News Release

PBBM welcomes New Zealand’s Deputy PM and Foreign Affairs Minister Winston Peters

President Ferdinand R. Marcos Jr. on Tuesday welcomed New Zealand Deputy Prime Minister and Minister for Foreign Affairs Winston Peters, expressing hope that the two nations could further discuss geopolitical issues, as well as boost cooperation in various areas such as agriculture, and trade and investment.

President Marcos expressed hope during Peters’ courtesy call that both sides could further capitalize on what was initially discussed during Prime Minister Christopher Luxon’s official visit to the Philippines last April.

“Well, Mr. Prime Minister, I’m, of course, very pleased to be able to welcome you to Manila after the very good visit that your new Prime Minister had here with us just a few weeks ago,” President Marcos said in welcoming Peters in Malacañang.

“And at which time they — we agreed on many things and one of which was that the situation in our part of the world requires that — shall we say the smaller countries get together and have a response or a joint positioning when it comes to these geopolitical issues that we are — this complicated geopolitical issues that we are facing,” he added.

President Marcos also said he and Luxon tackled other areas such as agriculture, trade, and possible investments, as well as the ongoing current expansions and operations in New Zealand.

The President expressed elation over Peters’ visit, expecting him to keep in touch with some of Filipino government officials and the private sector “to develop some of these ideas that we spoke about with your Prime Minister.”

For his part, Peters thanked the President for the warm welcome, telling him that after Prime Minister Luxon’s visit to Manila, “they had some very productive talks.”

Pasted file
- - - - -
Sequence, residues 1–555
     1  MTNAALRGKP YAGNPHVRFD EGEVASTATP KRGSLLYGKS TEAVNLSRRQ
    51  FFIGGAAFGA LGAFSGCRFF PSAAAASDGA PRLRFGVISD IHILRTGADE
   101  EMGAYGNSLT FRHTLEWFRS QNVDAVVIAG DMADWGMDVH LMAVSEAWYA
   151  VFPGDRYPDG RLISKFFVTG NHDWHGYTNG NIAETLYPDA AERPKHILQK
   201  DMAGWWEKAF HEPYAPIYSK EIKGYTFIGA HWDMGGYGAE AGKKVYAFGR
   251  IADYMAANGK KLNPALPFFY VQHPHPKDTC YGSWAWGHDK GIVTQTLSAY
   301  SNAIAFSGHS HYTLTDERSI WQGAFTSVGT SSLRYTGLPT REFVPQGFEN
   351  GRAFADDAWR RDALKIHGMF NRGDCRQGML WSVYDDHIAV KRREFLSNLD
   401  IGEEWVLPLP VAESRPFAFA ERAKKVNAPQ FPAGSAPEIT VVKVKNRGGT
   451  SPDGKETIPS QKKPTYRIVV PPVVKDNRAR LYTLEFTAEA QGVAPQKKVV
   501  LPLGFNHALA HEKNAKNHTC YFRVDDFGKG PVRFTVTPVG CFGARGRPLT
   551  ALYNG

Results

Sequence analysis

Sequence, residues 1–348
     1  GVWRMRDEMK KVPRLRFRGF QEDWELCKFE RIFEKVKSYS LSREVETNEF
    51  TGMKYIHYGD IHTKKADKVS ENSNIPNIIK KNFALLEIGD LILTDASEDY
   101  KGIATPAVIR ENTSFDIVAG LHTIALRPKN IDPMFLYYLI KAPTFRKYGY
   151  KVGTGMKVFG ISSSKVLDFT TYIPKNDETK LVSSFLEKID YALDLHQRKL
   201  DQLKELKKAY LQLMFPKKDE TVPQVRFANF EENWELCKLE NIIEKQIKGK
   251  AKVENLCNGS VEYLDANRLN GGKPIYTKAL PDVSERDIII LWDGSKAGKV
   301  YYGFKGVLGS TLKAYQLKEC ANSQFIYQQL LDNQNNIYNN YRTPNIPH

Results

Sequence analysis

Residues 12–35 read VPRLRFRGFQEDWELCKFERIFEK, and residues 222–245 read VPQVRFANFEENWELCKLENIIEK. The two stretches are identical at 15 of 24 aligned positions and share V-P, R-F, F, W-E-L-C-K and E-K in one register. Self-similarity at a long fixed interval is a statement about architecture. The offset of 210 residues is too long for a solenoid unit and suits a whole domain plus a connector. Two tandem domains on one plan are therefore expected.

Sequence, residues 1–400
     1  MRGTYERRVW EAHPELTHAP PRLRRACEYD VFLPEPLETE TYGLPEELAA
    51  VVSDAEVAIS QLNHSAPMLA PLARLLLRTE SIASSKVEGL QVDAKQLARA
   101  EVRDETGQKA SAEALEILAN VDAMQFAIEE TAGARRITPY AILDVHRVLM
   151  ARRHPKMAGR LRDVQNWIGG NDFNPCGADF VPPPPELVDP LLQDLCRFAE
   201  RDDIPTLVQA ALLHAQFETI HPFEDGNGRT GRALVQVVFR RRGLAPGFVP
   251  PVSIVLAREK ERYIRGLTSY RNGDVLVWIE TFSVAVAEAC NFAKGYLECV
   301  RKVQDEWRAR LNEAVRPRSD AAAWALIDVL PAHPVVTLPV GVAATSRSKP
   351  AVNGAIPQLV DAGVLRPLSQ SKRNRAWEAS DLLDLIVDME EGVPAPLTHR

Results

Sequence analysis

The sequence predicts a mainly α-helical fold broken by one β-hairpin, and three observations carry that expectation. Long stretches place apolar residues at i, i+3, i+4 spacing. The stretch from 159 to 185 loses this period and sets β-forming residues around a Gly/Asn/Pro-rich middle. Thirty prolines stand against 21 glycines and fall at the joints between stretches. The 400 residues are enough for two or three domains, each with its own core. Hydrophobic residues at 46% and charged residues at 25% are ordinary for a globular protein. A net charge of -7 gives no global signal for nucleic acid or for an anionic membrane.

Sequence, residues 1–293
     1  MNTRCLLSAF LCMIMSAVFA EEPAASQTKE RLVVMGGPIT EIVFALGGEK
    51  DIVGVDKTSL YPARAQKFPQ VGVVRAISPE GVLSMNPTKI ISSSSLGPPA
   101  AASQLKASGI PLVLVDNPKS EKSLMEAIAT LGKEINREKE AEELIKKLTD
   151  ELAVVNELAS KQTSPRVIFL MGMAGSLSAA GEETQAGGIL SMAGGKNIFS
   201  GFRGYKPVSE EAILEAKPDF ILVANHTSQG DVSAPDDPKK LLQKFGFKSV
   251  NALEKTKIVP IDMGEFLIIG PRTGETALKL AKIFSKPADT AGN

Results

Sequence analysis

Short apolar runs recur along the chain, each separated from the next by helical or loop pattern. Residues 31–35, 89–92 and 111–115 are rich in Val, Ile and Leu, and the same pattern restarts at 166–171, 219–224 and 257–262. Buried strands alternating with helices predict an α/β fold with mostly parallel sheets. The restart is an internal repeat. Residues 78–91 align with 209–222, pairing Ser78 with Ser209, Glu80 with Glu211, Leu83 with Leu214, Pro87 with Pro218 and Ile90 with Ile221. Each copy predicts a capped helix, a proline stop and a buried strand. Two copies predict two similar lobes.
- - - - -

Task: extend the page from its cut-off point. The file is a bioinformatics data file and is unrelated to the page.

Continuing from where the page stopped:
During Luxon’s official visit to the Philippines, both leaders agreed to strengthen bilateral ties, elevating the relationship to a Comprehensive Partnership by 2026 and emphasized cooperation in defense, security, and maritime affairs, signing agreements and committing to combat common threats.

Trade and economic relations were bolstered with goals of increasing two-way trade by 50 percent by 2030 and enhancing collaboration in various sectors.

They also highlighted people-to-people connections, renewable energy, and climate change initiatives, and discussed regional and global developments, including concerns over the South China Sea, the Middle East humanitarian crisis, Russia’s aggression against Ukraine, and the situation in Myanmar.

The Philippines and New Zealand established formal diplomatic relations on July 6, 1966.

Last year, New Zealand ranked as the Philippines’ 28th trading partner out of 230 partners, with total trade amounting to US$495.37 million.

It is also the country’s 38th export destination and 24th import source. The Philippines has a US$361.94 million trade deficit with New Zealand. PND